|University of California, Berkeley|
|Directory News Site Map Home|
|Jepson eFlora: Taxon page
Key to families | Table of families and genera
Indexes to all accepted names and synonyms:
| A | B | C | D | E | F | G | H | I | J | K | L | M | N | O | P | Q | R | S | T | U | V | W | X | Y | Z |
Perennial herb, shrub, tree, fibrous succulent or not, from bulbs or rhizomes. Stem: above ground or not, branched or not. Leaf: simple, deciduous or not, basal or in terminal rosettes, generally sessile, linear, lanceolate, oblanceolate or ovate, fibrous or not, thin and flexible or thick and rigid or succulent; margin entire, fine-serrate, dentate, or with filaments, tips rigid or flexible, with a spine or not. Flower: bisexual; perianth parts 6, in 2 petal-like whorls, free or ± fused; stamens 6, ± fused to perianth, filaments often wide, succulent; ovary superior or inferior, chambers 3, style 1 (thick, poorly defined), stigma head-like or 3-lobed. Fruit: capsule, indehiscent, loculicidal, or septicidal. Seed: few to many, ± flat or ovoid, generally black.
23 genera, 637 species: worldwide. —Scientific Editors: Dale W. McNeal, Thomas J. Rosatti.
Key to Agavaceae
Shrub- or tree-like, generally branched from woody caudex, occasionally dying after fruiting. Leaf: rosette basal or at branch tips, 2–15 dm, linear, thick, ± rigid, stout-spine-tipped, bases ± expanded, margins generally curved up, entire or dentate, often fibrous-shredding. Inflorescence: panicle [raceme], erect (pendent), dense; peduncle generally < 2 cm wide; bracts generally ascending. Flower: generally pendent, 3–13 cm; perianth parts 6 in 2 whorls, generally ± fused, ± white, fleshy, waxy; stamens 6, filaments ± thick, fleshy; ovary superior, 3(6)-chambered, generally green, style short, often thick, poorly defined, stigmas 3-lobed, white to pale green. Fruit: berry-like or generally capsule, erect or pendent, tardily septicidal or generally indehiscent. Seed: ± many in 2 rows per chamber, often flat, black.Key to Yucca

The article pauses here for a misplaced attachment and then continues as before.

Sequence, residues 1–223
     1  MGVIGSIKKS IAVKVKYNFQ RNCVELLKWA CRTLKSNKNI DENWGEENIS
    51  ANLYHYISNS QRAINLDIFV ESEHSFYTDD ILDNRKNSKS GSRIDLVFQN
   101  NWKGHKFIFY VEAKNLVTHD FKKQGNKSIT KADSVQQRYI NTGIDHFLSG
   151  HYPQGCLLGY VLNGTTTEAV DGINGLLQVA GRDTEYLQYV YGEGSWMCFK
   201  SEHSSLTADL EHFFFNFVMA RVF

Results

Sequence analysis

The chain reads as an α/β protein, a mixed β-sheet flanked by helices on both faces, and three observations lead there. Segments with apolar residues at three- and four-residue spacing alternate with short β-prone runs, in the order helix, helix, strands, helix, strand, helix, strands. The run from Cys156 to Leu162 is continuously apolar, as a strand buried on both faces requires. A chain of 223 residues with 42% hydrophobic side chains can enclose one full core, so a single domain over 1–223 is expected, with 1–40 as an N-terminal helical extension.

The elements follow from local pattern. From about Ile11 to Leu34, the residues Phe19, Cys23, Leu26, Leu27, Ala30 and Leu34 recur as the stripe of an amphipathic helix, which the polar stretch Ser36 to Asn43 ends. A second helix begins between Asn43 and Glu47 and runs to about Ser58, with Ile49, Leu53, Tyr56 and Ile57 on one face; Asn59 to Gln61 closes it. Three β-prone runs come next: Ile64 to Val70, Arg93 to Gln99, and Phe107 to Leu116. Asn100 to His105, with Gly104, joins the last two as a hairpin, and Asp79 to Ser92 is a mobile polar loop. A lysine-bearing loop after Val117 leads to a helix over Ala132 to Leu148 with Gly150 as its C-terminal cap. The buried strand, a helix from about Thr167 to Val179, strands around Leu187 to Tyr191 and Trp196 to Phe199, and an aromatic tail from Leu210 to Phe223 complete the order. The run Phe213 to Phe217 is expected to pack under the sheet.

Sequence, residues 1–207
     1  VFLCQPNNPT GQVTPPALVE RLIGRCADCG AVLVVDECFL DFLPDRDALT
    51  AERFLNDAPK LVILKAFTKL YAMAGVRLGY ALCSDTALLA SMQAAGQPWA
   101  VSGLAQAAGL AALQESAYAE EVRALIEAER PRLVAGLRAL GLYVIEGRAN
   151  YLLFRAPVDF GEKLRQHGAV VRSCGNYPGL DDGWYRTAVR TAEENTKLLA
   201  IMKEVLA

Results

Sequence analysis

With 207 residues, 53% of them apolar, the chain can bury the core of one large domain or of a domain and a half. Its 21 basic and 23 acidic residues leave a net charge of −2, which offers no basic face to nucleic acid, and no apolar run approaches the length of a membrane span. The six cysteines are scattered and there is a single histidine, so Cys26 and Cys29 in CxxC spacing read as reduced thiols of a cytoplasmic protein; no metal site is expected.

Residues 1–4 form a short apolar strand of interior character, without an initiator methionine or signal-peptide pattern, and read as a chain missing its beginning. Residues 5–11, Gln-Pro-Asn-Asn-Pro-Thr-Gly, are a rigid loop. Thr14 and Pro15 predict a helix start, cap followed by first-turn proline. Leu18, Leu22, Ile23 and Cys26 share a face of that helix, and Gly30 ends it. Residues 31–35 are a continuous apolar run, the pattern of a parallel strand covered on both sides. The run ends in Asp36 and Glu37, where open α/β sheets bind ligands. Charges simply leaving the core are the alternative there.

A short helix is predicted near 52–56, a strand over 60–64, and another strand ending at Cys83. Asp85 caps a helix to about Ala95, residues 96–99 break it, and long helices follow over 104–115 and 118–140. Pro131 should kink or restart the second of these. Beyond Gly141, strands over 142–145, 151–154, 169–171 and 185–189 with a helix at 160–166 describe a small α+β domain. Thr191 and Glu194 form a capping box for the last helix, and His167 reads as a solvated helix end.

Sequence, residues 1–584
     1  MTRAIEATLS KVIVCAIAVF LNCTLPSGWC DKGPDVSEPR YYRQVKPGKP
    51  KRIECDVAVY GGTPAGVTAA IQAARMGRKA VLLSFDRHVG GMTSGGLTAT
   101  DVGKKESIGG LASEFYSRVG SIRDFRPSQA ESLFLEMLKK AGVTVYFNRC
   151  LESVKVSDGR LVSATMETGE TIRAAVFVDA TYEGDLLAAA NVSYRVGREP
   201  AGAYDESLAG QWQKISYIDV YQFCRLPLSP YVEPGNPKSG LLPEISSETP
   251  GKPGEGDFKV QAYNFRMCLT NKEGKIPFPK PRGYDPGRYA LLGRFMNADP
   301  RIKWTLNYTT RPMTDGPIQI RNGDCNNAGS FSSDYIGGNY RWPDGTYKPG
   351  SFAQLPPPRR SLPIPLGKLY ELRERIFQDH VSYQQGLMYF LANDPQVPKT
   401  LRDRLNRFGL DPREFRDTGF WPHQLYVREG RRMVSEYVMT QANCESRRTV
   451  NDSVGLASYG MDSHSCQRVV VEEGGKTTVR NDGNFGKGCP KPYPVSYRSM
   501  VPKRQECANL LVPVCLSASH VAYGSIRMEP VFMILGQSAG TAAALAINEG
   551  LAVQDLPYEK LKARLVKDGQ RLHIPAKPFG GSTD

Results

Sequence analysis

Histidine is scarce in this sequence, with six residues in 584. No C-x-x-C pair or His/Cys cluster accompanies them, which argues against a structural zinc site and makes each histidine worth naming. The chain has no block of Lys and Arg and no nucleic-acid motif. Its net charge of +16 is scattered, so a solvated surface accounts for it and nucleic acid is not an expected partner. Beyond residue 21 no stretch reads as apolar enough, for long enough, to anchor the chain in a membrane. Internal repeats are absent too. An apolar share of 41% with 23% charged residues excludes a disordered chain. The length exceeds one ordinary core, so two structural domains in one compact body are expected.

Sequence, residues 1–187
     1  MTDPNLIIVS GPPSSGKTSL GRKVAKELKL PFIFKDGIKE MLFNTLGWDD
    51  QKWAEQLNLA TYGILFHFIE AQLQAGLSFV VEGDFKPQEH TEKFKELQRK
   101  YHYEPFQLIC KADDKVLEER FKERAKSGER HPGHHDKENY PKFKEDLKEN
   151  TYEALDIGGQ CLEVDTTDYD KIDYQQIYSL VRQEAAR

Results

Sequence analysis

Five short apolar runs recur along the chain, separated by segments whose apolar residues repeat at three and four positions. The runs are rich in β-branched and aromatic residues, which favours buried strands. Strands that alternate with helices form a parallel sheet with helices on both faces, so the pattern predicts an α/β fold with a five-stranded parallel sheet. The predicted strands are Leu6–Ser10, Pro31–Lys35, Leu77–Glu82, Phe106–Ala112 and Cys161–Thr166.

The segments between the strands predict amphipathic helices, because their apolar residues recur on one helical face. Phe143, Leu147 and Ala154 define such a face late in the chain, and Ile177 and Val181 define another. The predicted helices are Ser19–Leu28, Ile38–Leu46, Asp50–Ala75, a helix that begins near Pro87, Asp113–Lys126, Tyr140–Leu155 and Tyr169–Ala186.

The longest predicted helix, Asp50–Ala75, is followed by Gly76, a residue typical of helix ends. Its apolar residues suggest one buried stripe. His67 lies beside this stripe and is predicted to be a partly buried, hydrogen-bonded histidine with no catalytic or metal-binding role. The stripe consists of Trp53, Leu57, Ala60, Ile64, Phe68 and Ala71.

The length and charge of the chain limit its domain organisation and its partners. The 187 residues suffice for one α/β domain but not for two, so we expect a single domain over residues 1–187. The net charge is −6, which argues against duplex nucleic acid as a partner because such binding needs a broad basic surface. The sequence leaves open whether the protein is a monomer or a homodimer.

± 40 species: eastern coastal plain, southeastern, sc, & especially dry southwestern North America; northern, central-western Mexico, northern Central America. (Haitian: yuca or manihot, because young inflorescences occasionally roasted for food) Pollinated at night by small moths while laying eggs in ovary. Yucca whipplei moved to Hesperoyucca.
Unabridged references: [Hess & Robbins 2002 FNANM 26: 423–439]
Previous taxon: Leucocrinum montanum
Next taxon: Yucca baccata var. baccata
Citation for the whole project: Jepson Flora Project (eds.) 2013. Jepson eFlora, http://ucjeps.berkeley.edu/IJM.html, accessed on Apr 18 2014
Citation for this treatment: [Author of taxon treatment] 2012. Yucca, in Jepson Flora Project (eds.) Jepson eFlora, http://ucjeps.berkeley.edu/cgi-bin/get_IJM.pl?tid=Yucca, accessed on Apr 18 2014
Copyright © 2013 Regents of the University of California
We encourage links to these pages, but the content may not be downloaded for reposting, repackaging, redistributing, or sale in any form, without written permission from The Jepson Herbarium.
| Markers link to CCH specimen records. If the markers are obscured, reload the page [or change window size and reload]. Yellow markers indicate records that may provide evidence for eFlora range revision or may have georeferencing or identification issues.
READ ABOUT YELLOW FLAGS
|View elevation by latitude chart|| Data provided by the participants of the Consortium of California Herbaria.
View all CCH records